If artists Kazimir Malevich and Bridget Riley were to have a creative offspring in 2012, it might look something like Baker’s Dozen, the latest exhibition at the UTS Gallery, curated by Lorna Grear.
Looking at developments in geometric abstraction and ‘spatial relationships’ the show is equally at home with the rigidity of formal constructions and the intense pleasure inherent in creating them. Gemma Smith’s vibrant triangulations are painted gleefully over a chessboard, while Nike Savvas’ neon threadwork over prisms is painstakingly executed but youthfully engaging. The work of Vivienne Binns and Debra Dawes is in clear homage to a long history of op art kinetics (hello, mother Riley) but with shimmery, suggested depths that call into question the canon.
Echoes of Meret Oppenheim’s deviant domesticity – most will remember her infamous fur cup and saucer – can be seen in the plaid-covered lounge-room set by Kerry Smith (Homeland Security 2006-12) and the medically enhanced tables and chairs by Lisa Jones (Playing Host 2006-12). The part these items have to play in the overall message of the exhibition, along with some organ-like furniture pieces by Bonita Bub, is less clear – but we sense it has to do with the anarchy of the flat bursting forth in the very near future … Riley and Malevich would hope for no less.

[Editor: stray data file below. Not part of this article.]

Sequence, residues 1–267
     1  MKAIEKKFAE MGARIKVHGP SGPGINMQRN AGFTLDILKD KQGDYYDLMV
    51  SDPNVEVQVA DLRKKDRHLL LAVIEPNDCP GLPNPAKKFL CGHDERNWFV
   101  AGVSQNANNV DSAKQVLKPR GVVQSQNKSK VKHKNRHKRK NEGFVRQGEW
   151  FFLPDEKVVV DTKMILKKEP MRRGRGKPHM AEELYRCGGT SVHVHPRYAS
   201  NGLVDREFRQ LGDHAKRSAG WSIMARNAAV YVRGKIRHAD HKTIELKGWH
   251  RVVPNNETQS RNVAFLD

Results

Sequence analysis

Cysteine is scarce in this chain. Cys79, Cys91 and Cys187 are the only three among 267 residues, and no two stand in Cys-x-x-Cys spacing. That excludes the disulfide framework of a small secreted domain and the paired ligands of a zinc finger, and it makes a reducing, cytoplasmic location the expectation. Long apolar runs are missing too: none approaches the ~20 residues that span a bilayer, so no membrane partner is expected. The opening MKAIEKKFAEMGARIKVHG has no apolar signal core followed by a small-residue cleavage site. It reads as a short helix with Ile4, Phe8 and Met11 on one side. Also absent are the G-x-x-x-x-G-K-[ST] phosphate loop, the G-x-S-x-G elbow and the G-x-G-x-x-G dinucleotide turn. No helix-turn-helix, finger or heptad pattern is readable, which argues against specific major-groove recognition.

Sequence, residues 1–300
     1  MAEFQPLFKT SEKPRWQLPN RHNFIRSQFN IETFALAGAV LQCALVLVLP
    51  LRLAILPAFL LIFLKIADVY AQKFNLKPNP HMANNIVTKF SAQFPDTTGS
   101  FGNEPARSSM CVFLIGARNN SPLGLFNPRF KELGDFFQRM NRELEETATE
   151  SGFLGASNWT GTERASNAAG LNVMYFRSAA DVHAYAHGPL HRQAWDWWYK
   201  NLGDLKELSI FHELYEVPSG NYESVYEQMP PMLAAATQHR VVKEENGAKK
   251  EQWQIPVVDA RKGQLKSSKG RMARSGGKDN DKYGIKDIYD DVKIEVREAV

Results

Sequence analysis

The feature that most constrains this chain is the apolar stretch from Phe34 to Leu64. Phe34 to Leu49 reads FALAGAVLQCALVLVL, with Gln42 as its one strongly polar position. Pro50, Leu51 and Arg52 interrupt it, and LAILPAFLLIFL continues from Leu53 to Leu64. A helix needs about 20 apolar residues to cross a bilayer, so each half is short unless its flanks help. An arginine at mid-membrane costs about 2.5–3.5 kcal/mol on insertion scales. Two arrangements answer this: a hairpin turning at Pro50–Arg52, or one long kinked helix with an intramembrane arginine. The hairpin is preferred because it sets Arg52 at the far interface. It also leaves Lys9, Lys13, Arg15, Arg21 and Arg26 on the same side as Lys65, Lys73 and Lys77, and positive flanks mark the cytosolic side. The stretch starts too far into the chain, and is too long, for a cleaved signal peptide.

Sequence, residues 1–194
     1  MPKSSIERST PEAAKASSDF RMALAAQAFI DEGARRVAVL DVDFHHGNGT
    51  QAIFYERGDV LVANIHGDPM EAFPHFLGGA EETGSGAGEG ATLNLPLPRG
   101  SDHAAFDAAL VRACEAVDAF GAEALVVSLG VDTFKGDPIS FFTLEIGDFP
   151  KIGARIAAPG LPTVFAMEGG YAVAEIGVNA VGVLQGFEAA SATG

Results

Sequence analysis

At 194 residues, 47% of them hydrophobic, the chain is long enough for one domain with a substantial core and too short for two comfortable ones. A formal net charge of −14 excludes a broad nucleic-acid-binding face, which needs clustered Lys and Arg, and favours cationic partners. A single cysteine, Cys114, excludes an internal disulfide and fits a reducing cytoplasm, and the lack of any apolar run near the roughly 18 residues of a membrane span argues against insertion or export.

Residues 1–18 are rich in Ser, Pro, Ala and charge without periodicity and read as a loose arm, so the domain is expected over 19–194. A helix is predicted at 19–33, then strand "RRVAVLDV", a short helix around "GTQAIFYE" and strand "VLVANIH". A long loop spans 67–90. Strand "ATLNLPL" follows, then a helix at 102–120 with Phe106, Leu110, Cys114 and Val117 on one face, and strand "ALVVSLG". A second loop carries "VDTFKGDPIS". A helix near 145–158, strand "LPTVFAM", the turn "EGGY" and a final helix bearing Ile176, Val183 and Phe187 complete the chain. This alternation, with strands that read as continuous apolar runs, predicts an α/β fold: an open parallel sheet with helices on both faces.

Until Apr 5, UTS Gallery, Level 4, Peter Johnson Building, Building 6, 702 Harris Street, Ultimo, 9514 1652, utsgallery.uts.edu.au